There are lessons behind that hashtag. We’re looking at three viral hashtag stories and revealing the takeaways for brands behind each…
Hashtags can be a powerful force. They can unite a community, spark a movement around a cause, create an international inside-joke, and call out brands’ major mistakes. They’ve become a second language to young consumers, who use them to spread their opinions and broadcast their creativity. Though many brands are still learning the lessons of how to hashtag right, every brand can learn a lesson or two from the kinds of hashtags that capture Millennials’ and teens’ attention. Here are three recent trending tags, and their biggest takeaways:
Some Millennials are letting the world know that they might not look exactly like their Tinder profiles. After Someecards asked followers to show how they look in their Tinder pics versus how they look when swiping through Tinder, they received some hilarious responses of perfect profiles versus double chins and cat cuddling—which then became news stories all over the web. The #OnTinderAtTinder isn’t the only hashtag allowing young consumers to laugh at their social media multiple personalities. The Snapchat versus Instagram meme compares flawless (Instagram) versus foolish (Snapchat) photos and images to turn the main uses of the platforms they use into a massive inside joke.
The #Lesson: Millennials are aware of Social Media Illusion, and they’re beginning to pull the curtain back on the apparent perfection that they broadcast on some networks. (They’re also becoming more attracted to the platforms that allow them to be more themselves.) Someecards played right into this trend, encouraging followers to poke fun at themselves, laughing with them rather than at them. Though many criticize Millennials for their social media behavior, they are self-aware. They’re also massively adept at creating the right persona for the right platform, and are very accustomed to branding themselves online.
An 11-year-old girl has started a hashtag movement that has quickly caught the world’s attention. Marley Dias says she was “was sick of reading about white boys and dogs,” and decided to create a book drive to collect books featuring protagonists who look like her. The #1000BlackGirlBooks hashtag is encouraging donations of books where black girls are the main characters, and Dias aims to collect 1000 by February 1st. Her campaign has earned kudos and backing from major book publishers, and she’s been appearing on news shows promoting her cause while her hashtag is spreading on social media.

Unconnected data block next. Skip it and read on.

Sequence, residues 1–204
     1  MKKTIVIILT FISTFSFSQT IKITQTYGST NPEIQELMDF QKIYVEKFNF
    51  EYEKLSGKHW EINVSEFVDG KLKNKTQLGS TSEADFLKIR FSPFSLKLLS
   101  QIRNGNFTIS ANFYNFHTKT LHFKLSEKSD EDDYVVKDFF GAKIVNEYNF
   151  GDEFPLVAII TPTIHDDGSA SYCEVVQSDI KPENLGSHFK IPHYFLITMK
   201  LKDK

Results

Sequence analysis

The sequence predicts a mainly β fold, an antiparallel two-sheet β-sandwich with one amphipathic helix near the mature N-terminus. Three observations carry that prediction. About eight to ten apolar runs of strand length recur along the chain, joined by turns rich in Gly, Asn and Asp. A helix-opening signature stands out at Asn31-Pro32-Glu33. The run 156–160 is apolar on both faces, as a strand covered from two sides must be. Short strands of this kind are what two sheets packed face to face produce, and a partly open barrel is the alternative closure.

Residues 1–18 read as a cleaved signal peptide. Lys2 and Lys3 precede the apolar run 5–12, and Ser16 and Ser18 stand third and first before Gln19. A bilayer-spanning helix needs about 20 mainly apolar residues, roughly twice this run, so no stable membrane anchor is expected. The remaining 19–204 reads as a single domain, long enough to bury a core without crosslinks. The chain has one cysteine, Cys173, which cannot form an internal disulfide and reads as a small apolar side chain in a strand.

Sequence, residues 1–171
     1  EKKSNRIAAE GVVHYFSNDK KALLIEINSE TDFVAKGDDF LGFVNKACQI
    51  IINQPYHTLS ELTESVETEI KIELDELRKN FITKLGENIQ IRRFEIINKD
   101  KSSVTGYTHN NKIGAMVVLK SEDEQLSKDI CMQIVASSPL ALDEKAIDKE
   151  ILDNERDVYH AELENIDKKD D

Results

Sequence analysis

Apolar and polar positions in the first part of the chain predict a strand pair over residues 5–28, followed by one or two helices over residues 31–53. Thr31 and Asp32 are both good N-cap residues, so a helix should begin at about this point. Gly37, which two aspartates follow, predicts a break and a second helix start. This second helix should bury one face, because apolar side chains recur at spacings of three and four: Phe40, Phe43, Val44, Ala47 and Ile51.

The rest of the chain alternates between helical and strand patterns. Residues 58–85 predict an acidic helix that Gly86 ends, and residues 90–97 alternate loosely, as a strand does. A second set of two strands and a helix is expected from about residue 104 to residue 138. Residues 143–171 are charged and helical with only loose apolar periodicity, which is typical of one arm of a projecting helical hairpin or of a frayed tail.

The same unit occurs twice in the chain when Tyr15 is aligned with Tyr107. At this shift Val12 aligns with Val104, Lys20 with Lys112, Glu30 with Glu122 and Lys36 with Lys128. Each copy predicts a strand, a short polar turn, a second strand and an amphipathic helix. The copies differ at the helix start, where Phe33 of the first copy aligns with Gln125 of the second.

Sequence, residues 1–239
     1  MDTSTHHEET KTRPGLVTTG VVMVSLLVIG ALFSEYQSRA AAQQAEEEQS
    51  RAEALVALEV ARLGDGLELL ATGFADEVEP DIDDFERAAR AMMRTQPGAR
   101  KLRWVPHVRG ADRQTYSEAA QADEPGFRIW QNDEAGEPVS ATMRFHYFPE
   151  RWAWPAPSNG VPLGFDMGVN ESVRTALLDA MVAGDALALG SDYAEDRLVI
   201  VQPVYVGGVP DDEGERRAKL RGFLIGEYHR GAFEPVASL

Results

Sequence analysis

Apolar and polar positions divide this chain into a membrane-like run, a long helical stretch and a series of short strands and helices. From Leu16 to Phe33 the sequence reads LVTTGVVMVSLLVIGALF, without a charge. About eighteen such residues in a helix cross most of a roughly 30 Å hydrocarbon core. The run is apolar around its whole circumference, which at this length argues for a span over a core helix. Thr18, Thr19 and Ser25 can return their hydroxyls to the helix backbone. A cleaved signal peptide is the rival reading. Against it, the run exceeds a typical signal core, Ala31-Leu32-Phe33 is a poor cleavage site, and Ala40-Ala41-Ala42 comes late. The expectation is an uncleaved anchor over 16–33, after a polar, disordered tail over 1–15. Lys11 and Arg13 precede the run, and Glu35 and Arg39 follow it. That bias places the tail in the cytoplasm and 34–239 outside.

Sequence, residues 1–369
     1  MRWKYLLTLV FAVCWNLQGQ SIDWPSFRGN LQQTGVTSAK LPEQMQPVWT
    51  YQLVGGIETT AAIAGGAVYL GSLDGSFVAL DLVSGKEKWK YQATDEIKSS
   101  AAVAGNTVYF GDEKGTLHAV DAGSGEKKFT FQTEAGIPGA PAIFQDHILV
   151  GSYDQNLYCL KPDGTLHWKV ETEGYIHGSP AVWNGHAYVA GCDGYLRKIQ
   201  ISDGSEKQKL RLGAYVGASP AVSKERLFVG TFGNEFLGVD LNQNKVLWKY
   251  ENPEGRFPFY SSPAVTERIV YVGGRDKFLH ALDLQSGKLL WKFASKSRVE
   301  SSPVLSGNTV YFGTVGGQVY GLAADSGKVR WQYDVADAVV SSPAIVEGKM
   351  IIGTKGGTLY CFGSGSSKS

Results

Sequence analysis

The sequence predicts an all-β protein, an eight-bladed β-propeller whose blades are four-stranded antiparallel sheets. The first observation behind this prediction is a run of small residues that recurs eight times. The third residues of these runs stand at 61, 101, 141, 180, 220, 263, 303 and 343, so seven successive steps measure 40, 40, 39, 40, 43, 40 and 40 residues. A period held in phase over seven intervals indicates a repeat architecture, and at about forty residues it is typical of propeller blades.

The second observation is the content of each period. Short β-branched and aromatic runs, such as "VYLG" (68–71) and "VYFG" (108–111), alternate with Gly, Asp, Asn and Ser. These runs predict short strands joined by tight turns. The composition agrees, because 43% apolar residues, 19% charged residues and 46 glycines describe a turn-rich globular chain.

The #Lesson: Lesson number one for brands is clear: though “diversity” might have become a buzzword, young consumers still aren’t seeing enough of themselves reflected back to them in the media they consume. They want more.
In addition, the recent wave of activism among Millennials is a combination of their online influence igniting their offline actions, but many criticize the generation for their “slacktivism” approach, assuming that hashtags and internet chatter doesn’t really make a difference. But a recent study found that “online engagement is key to turning a protest into a social movement,” and prolongs the life of an issue. Its powerful influence comes from the substantial number of social media users interested in social causes, as well as the viral awareness a single post can create among millions. Clearly young consumers today are growing up with an awareness of the power a social media movement can have
Oh, Bill. What started as a stick figure meme Facebook page that passive-aggressively called out the internet on its collective bad behavior (e.g. “This is Bill. Bill can go out for a meal without posting a picture of his food. Bill knows nobody cares what he has had to eat. Bill is smart. Be like Bill.”) quickly turned into a somewhat controversial trend across many social networks. Thanks to a meme-making site, the template for everyone to make their own Bill messages was made available, and those passive aggressive lessons started to drive some people crazy. But the real sign that #BeLikeBill had become passé? Brands started to #BeLikeBill as well. Twitter is full of companies, TV networks, non-profits and more using Bill to tout their own product/show/cause, which according to Digiday makes “the already-intolerable trend even more so.”
The #Lesson: Hashtags, like any trend, can reach a peak that creates a backlash…and though it may be tempting to “connect with the kids” by making your brand a part of a trending conversation, be wary of co-opting every hashtag that comes along. Because young consumers are wary of brands invading their space and making something fun into yet another marketing ploy. Since jumping on a hashtag can also go horribly awry, it might be better to learn lessons from them but mostly refrain from blatantly using them as quick and thoughtless campaigns.